Aviation

Come fly with me

China has banned new airlines for years. So why has Ruili now got one?

Ruili w

One of the things to see in Ruili, should you ever fly there...

When China’s civil aviation ministry called a halt to the establishment of new airlines six years ago, it did so with safety in mind. Not surprisingly, the ban was extended after a crash in Yichun killed 42 passengers in 2010 (see WiC76). Accordingly, between 2007 and the end of last year only Air China-affiliated Tibet Airlines was approved for take-off.
But policymakers seem to have had a change of heart. Not one but two new carriers got flight clearance earlier this year: Ruili Airlines and Qingdao Airlines.
Of the two, Ruili’s maiden flight seems the more imminent, having signed agreements last month to take delivery of 14 short-haul 737 aircraft from Boeing, as well as four more from the German operator Air Berlin.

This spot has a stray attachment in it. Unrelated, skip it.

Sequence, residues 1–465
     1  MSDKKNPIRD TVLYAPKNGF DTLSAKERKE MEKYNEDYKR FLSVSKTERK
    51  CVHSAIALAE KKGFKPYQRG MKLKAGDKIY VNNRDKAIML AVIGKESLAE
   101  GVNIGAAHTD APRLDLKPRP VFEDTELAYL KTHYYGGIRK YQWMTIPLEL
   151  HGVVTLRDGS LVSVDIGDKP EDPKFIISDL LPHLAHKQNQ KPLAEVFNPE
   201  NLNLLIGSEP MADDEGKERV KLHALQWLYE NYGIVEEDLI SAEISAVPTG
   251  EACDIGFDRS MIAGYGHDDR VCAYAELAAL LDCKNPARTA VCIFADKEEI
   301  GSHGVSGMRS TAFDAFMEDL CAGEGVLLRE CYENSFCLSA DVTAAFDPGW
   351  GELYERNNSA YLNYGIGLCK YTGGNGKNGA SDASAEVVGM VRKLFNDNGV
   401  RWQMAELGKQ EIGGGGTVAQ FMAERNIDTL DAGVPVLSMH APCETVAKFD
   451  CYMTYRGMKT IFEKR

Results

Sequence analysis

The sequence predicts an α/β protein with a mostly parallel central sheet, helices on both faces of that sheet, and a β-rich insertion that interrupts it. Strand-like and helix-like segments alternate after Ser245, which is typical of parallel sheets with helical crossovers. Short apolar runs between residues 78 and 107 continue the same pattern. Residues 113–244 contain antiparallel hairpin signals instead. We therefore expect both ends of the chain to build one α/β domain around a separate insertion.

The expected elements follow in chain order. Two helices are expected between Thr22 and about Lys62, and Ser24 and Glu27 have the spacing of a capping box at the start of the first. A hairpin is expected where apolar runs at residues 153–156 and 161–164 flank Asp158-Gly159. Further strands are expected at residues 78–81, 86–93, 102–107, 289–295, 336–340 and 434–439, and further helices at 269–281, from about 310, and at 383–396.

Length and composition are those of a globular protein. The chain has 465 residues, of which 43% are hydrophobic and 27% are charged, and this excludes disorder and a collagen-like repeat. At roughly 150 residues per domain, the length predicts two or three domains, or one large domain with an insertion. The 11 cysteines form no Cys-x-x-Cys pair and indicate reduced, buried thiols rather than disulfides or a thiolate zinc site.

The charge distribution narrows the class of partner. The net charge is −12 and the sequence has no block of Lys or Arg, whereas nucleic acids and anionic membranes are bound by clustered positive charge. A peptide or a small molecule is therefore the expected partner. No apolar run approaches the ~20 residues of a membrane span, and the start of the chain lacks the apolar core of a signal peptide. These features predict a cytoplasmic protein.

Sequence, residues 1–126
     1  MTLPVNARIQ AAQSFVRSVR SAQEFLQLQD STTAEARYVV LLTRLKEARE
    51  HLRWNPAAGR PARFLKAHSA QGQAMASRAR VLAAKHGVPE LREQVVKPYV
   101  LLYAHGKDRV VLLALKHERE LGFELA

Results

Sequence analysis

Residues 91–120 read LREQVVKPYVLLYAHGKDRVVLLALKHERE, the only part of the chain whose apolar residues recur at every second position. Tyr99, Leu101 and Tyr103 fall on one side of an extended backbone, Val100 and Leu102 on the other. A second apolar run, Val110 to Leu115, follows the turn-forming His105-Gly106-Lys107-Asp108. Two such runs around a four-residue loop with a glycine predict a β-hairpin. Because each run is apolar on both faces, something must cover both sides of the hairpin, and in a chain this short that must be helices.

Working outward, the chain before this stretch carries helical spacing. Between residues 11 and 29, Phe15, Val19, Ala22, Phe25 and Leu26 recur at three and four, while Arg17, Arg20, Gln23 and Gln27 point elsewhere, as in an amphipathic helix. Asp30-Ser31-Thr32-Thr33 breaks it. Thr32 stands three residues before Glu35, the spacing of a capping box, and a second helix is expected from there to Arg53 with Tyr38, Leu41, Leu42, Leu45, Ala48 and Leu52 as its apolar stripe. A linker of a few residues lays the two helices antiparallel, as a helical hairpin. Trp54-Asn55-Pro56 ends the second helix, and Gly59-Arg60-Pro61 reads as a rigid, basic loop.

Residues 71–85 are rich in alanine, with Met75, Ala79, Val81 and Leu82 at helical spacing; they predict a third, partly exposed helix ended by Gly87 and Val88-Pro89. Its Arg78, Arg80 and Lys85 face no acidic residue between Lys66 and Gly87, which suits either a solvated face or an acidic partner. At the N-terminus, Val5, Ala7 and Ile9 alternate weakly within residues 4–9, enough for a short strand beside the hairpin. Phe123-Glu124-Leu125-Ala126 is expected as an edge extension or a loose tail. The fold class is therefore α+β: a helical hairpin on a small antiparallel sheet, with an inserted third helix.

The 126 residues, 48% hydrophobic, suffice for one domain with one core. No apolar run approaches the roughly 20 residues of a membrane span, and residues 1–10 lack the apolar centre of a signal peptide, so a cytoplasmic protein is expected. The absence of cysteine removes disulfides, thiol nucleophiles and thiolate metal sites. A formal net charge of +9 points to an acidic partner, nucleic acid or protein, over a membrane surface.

Funded by local conglomerate Yunnan Jingcheng and supposedly without state-owned investors, Ruili says it will start operating in the first quarter of next year from a main base in Yunnan’s provincial capital Kunming. It will focus first on destinations across Yunnan but many of its flights will head west from Kunming to Mangshi, a small airport about two hours’ drive from the town after which the airline is named.
Why is Ruili, with a population of less than 200,000, getting its own airline? Perhaps because it is currently so isolated (it lacks decent highways and railway access). But also because the town is the last stop before the Burmese border and boasts a long history as a trading entrepot, particularly for jade.